BTW plz don’t try to compare this rush with “blitzkrieg”, because they didn’t rush forward with their vehicles only and leave their troops behind…

    Edit: I’ve forgotten to mention that the enemy is mostly way underpowered and the real threat is running out of turns, i.e. losing the mission.

    • wengart says:

      You realize this is an operational level game, right? So those vehicles are actually Panzer Divisions. They come with tanks and mechanized infantry.

      • Agnosticus says:

        Good point, but they wouldn’t rush through the gaps to get to a distant city anyway! They would encircle the enemy first, which is just not possible, if you want to win the campaign.

        • MartinWisse says:

          A bit of both, actually. The whole idea of Blitzkrieg is after all to break through the enemy’s frontlines with the strength of your combined arms (panzer + arty + aircraft + infantry), then use your highly mobile panzertruppen to disrupt the enemy’s rear and cease control before he can react, while the bypassed towns and armies are left to the poor foot soldiers.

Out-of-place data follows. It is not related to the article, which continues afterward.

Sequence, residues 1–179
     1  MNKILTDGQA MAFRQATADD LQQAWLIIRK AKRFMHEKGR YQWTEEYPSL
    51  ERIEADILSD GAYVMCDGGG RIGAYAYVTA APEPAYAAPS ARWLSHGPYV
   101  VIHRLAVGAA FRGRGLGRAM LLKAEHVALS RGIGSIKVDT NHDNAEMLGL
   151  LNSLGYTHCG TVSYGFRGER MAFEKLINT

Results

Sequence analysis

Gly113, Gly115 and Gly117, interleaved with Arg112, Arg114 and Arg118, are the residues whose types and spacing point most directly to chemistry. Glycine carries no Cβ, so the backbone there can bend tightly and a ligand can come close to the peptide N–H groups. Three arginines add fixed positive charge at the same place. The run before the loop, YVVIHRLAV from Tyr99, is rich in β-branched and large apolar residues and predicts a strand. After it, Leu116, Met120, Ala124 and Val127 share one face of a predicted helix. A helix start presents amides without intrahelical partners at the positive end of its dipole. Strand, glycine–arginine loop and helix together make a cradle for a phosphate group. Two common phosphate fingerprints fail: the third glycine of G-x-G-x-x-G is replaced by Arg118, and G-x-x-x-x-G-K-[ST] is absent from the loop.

This works decentish in Unity of Command where the AI is very happy to exploit your failure to protect your panzers vor by cutting them off by anything able to do so, as well as go for your supply lines. You do get a feel for the mechanics of it as a game after several scenarios, true, but I personally felt it still challenging even though I “know” how the AI thinks.

    • Volcanu says:

      Actually it was frequently the case that the non-mechanized infantry formations couldnt keep pace with the armoured divisions and mechanized infantry ‘speartips’ -which were comparatively few in number. The vast majority of German divisions depended overwhelmingly on horses to provide logisitical support, move artillery pieces etc and (outside of the Panzer divisions) they were far behind the USSR in terms of mechanization in 1941.

    • 3Form says: